• The 2009–2012 communications strategy supports the action plan and aims to raise awareness among employees and managers of their obligations under the Official Languages Act. The strategy was posted on the Department's intranet site in August 2009 and comprises three parts: service to the public, language of work and challenges. Various communications tools, including a recent HR Horizons article and a PowerPoint presentation called "Let's Talk", are also available. Reminders about official languages were also sent to employees through the Human Resources Branch and the Meteorological Service of Canada. To be effective, the communications strategy must take into account the evaluation results of the action plan.
  • Specific commitments related to the official languages action plan or to providing service in both official languages are included in the performance agreement of Meteorological Service of Canada executives.
  • Although the 511 telephone service project is still under review, Environment Canada told us that this service, which would provide free access to weather information on the automated telephone network across Canada, will not be offered at this time. The Meteorological Service of Canada has upgraded the existing automated telephone network in order to ensure equal distribution of information in English and French in most parts of Canada. In certain regions, however, users will still have to call long-distance to obtain information in English and French.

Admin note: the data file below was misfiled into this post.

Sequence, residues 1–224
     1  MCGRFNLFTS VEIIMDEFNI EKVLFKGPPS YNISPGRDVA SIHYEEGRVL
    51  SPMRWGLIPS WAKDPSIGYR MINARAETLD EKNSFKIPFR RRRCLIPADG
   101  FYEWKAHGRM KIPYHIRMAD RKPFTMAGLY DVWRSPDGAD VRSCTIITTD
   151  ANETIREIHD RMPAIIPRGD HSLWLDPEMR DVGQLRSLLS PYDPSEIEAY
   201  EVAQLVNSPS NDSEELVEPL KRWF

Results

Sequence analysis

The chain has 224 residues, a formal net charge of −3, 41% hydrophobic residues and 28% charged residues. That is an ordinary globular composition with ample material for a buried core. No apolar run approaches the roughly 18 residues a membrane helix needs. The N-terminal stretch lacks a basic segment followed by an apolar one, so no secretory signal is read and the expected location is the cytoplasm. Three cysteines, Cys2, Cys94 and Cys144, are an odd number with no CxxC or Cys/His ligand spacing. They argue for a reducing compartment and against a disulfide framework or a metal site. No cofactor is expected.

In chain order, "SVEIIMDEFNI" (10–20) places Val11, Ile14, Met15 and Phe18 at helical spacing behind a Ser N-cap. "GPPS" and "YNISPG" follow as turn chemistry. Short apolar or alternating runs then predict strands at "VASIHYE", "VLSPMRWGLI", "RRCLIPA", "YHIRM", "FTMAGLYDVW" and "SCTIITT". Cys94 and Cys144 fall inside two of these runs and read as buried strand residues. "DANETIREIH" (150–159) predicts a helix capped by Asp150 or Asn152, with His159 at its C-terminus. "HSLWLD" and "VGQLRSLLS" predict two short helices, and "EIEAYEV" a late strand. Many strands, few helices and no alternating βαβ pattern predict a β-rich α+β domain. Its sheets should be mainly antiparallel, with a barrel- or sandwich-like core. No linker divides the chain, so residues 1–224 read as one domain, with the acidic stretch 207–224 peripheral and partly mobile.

• To ensure active offer and delivery of weather services in both official languages, the Meteorological Service of Canada consolidated management of the network on a national level. It also integrated the official languages responsibilities and obligations into the ISO 9001 quality management system for automated telephone services and designated them as bilingual service access points.